3. Create a 3-dimensional hypothesis

Variables are an essential part of any reasonable hypothesis. So, identify your independent and dependent variable(s) and form a correlation between them. The ideal way to do this is to write the hypothetical assumption in the ‘if-then' form. If you use this form, make sure that you state the predefined relationship between the variables.

In another way, you can choose to present your hypothesis as a comparison between two variables. Here, you must specify the difference you expect to observe in the results.

4. Write the first draft

Now that everything is in place, it's time to write your hypothesis. For starters, create the first draft. In this version, write what you expect to find from your research.

Clearly separate your independent and dependent variables and the link between them. Don't fixate on syntax at this stage. The goal is to ensure your hypothesis addresses the issue.

5. Proof your hypothesis

After preparing the first draft of your hypothesis, you need to inspect it thoroughly. It should tick all the boxes, like being concise, straightforward, relevant, and accurate. Your final hypothesis has to be well-structured as well.

Research projects are an exciting and crucial part of being a scholar. And once you have your research question, you need a great hypothesis to begin conducting research. Thus, knowing how to write a hypothesis is very important.

Now that you have a firmer grasp on what a good hypothesis constitutes, the different kinds there are, and what process to follow, you will find it much easier to write your hypothesis, which ultimately helps your research.

Now it's easier than ever to streamline your research workflow with SciSpace Discover . Its integrated, comprehensive end-to-end platform for research allows scholars to easily discover, write and publish their research and fosters collaboration.

It includes everything you need, including a repository of over 270 million research papers across disciplines, SEO-optimized summaries and public profiles to show your expertise and experience.

If you found these tips on writing a research hypothesis useful, head over to our blog on Statistical Hypothesis Testing to learn about the top researchers, papers, and institutions in this domain.

Frequently Asked Questions (FAQs)

1. what is the definition of hypothesis.

According to the Oxford dictionary, a hypothesis is defined as “An idea or explanation of something that is based on a few known facts, but that has not yet been proved to be true or correct”.

2. What is an example of hypothesis?

The hypothesis is a statement that proposes a relationship between two or more variables. An example: "If we increase the number of new users who join our platform by 25%, then we will see an increase in revenue."

3. What is an example of null hypothesis?

A null hypothesis is a statement that there is no relationship between two variables. The null hypothesis is written as H0. The null hypothesis states that there is no effect. For example, if you're studying whether or not a particular type of exercise increases strength, your null hypothesis will be "there is no difference in strength between people who exercise and people who don't."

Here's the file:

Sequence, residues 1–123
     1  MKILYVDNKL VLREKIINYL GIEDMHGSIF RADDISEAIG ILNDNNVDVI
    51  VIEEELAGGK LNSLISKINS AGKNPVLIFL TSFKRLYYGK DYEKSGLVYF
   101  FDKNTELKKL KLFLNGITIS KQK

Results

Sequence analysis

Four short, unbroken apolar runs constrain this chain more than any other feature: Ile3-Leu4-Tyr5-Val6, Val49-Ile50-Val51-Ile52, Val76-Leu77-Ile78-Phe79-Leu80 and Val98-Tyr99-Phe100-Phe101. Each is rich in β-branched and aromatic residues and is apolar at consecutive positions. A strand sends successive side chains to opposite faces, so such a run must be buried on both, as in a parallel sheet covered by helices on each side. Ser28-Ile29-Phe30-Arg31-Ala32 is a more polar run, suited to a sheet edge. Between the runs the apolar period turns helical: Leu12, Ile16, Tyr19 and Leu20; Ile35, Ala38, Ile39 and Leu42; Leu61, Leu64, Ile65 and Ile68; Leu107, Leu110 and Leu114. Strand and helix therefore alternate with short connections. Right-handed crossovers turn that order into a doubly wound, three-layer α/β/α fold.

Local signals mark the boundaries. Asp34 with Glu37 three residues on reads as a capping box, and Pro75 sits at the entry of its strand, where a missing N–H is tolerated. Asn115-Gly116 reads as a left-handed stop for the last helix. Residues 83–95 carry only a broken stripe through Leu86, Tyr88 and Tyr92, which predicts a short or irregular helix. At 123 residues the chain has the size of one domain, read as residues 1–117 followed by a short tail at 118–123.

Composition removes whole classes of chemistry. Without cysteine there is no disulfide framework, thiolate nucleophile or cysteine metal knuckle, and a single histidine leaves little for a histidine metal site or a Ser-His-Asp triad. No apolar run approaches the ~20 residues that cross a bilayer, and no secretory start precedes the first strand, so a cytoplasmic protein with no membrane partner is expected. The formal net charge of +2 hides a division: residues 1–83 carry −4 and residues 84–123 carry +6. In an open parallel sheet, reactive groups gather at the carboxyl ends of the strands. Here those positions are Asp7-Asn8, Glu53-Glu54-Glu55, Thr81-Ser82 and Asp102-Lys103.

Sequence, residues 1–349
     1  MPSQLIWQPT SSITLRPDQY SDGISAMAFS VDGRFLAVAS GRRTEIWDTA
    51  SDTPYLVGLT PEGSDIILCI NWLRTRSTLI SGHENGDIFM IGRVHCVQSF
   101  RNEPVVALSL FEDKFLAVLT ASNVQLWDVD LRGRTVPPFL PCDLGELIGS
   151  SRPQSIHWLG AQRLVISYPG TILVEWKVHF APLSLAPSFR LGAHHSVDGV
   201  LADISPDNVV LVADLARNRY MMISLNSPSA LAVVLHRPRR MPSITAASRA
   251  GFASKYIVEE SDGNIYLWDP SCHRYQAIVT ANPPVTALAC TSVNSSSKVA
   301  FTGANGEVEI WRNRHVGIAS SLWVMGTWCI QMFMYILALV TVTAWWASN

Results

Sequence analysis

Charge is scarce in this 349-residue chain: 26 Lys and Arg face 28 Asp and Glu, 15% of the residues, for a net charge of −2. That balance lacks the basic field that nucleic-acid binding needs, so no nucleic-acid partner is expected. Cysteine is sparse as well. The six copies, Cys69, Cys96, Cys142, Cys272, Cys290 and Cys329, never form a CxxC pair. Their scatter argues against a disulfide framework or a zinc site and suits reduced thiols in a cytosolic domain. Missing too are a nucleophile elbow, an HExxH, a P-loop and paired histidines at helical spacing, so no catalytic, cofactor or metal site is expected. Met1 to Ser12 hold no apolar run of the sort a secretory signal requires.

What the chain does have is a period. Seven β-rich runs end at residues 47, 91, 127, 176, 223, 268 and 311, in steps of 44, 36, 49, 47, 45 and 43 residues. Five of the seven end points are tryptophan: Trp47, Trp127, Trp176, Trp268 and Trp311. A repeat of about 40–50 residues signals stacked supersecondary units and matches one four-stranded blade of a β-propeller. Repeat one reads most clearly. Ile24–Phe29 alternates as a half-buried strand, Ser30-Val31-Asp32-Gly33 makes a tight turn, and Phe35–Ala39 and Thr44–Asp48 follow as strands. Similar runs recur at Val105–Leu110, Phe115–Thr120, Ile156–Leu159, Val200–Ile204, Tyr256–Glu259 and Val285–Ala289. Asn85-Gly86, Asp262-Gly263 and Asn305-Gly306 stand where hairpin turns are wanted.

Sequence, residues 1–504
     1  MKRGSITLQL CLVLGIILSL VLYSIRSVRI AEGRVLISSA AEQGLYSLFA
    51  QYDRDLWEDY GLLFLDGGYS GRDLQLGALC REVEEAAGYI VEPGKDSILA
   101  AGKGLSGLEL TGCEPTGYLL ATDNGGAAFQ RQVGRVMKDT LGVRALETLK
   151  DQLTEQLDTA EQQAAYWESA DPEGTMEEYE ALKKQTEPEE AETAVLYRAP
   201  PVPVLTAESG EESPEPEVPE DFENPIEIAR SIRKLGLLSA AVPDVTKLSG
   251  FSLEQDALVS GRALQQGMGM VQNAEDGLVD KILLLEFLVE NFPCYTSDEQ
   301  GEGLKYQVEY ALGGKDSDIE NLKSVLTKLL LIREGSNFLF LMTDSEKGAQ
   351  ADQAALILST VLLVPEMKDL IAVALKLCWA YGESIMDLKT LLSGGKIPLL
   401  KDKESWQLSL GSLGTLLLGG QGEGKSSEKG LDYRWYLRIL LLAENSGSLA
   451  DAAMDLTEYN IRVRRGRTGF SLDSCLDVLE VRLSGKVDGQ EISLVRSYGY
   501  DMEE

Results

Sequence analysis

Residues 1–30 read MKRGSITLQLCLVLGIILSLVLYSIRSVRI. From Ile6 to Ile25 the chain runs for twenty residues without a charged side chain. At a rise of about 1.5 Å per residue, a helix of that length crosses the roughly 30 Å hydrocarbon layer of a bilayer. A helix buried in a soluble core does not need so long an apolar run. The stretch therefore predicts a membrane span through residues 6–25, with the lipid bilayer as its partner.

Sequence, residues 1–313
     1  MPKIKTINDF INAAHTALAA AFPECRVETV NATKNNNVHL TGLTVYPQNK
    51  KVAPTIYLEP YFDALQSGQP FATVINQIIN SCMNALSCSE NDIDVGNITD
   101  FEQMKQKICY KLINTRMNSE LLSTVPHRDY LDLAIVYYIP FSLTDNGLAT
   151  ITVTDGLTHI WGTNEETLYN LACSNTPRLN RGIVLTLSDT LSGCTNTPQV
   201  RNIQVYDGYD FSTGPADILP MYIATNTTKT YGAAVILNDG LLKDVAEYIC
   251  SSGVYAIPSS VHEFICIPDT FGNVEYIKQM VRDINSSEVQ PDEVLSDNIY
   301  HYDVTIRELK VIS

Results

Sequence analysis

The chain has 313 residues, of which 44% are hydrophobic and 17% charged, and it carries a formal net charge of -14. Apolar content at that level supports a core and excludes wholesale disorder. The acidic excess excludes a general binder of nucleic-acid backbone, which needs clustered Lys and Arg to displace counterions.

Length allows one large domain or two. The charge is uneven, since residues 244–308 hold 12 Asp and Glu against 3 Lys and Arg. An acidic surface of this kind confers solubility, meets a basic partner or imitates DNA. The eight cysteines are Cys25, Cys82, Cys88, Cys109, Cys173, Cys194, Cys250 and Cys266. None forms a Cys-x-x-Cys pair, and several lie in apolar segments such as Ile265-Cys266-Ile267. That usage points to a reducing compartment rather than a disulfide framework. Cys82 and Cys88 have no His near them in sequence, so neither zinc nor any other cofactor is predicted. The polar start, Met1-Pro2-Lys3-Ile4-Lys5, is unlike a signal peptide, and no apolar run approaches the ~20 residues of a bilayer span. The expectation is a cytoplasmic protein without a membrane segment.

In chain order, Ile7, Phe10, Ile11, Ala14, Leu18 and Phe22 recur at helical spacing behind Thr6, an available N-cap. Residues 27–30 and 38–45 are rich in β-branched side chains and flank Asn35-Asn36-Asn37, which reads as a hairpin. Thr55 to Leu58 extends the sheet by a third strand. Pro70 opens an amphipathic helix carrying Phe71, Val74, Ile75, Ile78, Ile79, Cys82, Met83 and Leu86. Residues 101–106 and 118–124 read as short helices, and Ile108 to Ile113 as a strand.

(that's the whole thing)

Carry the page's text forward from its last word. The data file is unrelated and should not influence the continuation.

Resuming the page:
4. What are the types of research?

• Fundamental research

• Applied research

• Qualitative research

• Quantitative research

• Mixed research

• Exploratory research

• Longitudinal research

• Cross-sectional research

• Field research

• Laboratory research

• Fixed research

• Flexible research

• Action research

• Policy research

• Classification research

• Comparative research

• Causal research

• Inductive research

• Deductive research

5. How to write a hypothesis?

• Your hypothesis should be able to predict the relationship and outcome.

• Avoid wordiness by keeping it simple and brief.

• Your hypothesis should contain observable and testable outcomes.

• Your hypothesis should be relevant to the research question.

6. What are the 2 types of hypothesis?

• Null hypotheses are used to test the claim that "there is no difference between two groups of data".

• Alternative hypotheses test the claim that "there is a difference between two data groups".

7. Difference between research question and research hypothesis?

A research question is a broad, open-ended question you will try to answer through your research. A hypothesis is a statement based on prior research or theory that you expect to be true due to your study. Example - Research question: What are the factors that influence the adoption of the new technology? Research hypothesis: There is a positive relationship between age, education and income level with the adoption of the new technology.

8. What is plural for hypothesis?

The plural of hypothesis is hypotheses. Here's an example of how it would be used in a statement, "Numerous well-considered hypotheses are presented in this part, and they are supported by tables and figures that are well-illustrated."

9. What is the red queen hypothesis?

The red queen hypothesis in evolutionary biology states that species must constantly evolve to avoid extinction because if they don't, they will be outcompeted by other species that are evolving. Leigh Van Valen first proposed it in 1973; since then, it has been tested and substantiated many times.